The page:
Fargo South teacher named one of 10 finalists for the Global Teacher Prize
Leah Juelke is the only finalist from the U.S. The winner of the award will receive $1 million.
FARGO, N.D. — Teaching was not always the plan for Leah Juelke.
The 2001 Fargo South graduate attended NDSU on a nursing scholarship. Two years into college, she joined the Army National Guard as a medic.
It was there that she found her real calling.
“Having to train up all these new soldiers that came in, I really found a love in the training and the teaching and I realized I really like teaching,” said Juelke. “This is what I really want to do.”
That was over 15 years ago. Since then, she has built a teaching career that has spanned continents.
Now, the former North Dakota teacher of the year and Horace Mann Award recipient is one of 10 finalists up for the Global Teacher Prize.
“I think I am still in disbelief. It is a lot to process, but it is such a great honor,” said Juelke.
The award comes with a $1 million dollar prize. It’s given to an exceptional educator who has made an outstanding contribution to the profession. Juelke is the only finalist from the U.S.
At Fargo South, Juelke has spent much of her time working with New American students. Early during her time there, she asked these students to write a story about their experience coming to the U.S.The English language arts teacher was moved by what followed.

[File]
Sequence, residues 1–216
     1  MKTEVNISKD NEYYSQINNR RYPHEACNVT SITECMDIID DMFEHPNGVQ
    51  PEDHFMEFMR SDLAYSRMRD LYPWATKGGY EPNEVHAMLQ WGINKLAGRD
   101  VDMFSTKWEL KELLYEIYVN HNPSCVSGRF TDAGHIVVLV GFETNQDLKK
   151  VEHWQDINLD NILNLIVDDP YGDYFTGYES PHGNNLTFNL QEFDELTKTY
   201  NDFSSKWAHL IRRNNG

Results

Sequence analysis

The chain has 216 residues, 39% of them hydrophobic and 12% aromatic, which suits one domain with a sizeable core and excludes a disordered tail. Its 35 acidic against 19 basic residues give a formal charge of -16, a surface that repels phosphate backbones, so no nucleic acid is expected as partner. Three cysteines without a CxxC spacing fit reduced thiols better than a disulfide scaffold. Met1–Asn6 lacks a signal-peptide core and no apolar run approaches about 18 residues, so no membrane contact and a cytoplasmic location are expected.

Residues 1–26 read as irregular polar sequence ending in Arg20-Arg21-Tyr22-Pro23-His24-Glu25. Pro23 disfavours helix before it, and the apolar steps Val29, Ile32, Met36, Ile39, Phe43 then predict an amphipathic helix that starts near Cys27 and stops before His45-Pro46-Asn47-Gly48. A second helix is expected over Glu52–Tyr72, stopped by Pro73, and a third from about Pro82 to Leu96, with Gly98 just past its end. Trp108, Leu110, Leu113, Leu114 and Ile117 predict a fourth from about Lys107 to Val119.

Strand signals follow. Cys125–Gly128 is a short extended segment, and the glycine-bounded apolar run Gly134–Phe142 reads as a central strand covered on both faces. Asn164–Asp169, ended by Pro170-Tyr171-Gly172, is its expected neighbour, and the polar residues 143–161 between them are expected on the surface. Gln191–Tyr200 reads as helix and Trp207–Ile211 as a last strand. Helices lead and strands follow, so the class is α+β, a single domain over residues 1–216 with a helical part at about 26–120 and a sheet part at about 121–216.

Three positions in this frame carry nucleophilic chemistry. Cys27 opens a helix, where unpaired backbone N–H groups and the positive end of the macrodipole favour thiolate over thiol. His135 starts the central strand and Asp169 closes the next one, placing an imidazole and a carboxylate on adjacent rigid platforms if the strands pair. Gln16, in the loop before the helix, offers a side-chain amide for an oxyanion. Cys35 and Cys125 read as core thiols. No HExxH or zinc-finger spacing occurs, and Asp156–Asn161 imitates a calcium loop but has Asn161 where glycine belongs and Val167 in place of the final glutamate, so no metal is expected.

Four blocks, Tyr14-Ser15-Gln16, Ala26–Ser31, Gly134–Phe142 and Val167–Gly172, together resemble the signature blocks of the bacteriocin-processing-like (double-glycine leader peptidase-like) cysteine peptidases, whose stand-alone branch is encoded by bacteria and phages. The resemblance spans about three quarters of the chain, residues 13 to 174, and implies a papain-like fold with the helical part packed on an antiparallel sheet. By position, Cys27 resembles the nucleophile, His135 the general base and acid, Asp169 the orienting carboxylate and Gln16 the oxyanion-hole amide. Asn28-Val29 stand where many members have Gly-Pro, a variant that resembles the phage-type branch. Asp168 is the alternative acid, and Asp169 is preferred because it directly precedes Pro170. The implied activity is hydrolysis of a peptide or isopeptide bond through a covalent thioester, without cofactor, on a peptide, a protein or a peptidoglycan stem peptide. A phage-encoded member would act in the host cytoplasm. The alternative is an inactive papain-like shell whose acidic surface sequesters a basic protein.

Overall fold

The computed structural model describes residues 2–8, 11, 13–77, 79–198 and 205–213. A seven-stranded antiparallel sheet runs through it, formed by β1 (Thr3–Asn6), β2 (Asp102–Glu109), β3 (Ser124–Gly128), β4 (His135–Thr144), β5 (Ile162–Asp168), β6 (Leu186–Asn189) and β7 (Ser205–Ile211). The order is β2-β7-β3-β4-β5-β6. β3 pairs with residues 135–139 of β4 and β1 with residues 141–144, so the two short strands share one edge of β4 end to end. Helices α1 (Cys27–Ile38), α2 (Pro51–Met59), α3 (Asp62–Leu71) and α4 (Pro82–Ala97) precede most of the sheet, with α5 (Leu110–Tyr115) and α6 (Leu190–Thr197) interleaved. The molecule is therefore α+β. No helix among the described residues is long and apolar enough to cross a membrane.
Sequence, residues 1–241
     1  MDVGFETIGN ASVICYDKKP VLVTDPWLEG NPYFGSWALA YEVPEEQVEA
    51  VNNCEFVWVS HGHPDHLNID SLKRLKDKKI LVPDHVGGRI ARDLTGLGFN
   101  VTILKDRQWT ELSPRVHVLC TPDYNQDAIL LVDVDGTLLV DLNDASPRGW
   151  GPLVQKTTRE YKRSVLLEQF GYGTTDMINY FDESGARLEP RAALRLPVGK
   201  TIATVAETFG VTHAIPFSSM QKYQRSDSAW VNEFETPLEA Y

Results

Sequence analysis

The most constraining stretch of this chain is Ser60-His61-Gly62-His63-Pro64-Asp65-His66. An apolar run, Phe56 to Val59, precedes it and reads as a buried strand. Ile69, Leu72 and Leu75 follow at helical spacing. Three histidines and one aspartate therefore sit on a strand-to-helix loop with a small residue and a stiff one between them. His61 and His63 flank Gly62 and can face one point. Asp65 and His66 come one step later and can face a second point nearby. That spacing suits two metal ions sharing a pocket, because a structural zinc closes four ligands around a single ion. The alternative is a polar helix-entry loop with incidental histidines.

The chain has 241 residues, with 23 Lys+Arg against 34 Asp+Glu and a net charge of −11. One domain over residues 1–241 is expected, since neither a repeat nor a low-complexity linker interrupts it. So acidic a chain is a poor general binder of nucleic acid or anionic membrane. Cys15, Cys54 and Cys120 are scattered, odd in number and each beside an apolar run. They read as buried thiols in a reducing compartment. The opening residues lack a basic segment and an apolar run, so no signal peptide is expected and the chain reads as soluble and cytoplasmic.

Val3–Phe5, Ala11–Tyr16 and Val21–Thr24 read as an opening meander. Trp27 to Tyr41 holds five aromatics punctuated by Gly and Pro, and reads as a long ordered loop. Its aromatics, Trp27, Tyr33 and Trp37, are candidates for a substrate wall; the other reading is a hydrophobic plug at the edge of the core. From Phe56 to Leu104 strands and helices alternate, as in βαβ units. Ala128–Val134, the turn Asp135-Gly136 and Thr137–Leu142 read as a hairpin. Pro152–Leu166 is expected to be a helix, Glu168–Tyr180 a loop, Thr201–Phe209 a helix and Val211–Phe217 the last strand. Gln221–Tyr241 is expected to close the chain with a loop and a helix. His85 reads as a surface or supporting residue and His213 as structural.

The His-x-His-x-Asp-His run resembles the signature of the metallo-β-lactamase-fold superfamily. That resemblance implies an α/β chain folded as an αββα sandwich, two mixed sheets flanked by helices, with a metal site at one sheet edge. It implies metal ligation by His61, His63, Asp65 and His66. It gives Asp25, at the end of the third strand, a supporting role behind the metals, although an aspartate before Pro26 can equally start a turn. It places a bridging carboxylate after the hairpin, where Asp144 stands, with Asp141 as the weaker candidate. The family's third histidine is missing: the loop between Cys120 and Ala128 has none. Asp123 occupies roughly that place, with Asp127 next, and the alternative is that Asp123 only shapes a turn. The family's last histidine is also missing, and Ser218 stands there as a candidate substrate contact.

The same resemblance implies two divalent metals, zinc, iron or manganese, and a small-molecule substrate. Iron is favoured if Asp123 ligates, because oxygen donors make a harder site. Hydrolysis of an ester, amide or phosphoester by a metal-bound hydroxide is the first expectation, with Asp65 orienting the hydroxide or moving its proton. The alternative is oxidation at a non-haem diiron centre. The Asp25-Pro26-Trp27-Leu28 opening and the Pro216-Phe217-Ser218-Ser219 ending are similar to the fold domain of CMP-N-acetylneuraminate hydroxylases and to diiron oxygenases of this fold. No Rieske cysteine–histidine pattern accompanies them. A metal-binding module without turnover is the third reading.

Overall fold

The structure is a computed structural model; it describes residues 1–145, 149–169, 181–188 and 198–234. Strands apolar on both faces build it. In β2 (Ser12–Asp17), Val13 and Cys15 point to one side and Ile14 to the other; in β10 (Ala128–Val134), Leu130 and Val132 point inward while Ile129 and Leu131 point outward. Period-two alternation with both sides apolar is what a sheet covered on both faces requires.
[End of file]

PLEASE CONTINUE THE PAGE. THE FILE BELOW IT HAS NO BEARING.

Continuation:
“Reading these and just really learning about my students, I thought this has to be bigger. We have to share this in a larger capacity,” revealed Juelke.
That was how Journey to America was born.
The project pairs Juelke’s students at Fargo South with local college students as they write narratives about coming to this country. At the end of the project, the high school students are invited to both NDSU and Concordia College to read those stories out loud to others in the community. The stories are published and shared with teachers and classrooms around the U.S.
Juelke says the project not only allows teachers to learn how to educate students from other countries better, but it also creates a more open-minded and informed world.
“In our political climate right now and how things have been, I think a lot of education needs to take place within our community about the different and diverse populations,” said Juelke.
Winning the Global Teaching Prize would allow Juelke to take this idea even further.
If she were to receive the money, she plans on starting a foundation that would grant scholarships to immigrant and refugee students in North Dakota that hope to attend college for teaching.
The winner of the 2020 Global Teacher Prize will be announced in a virtual ceremony on December 3.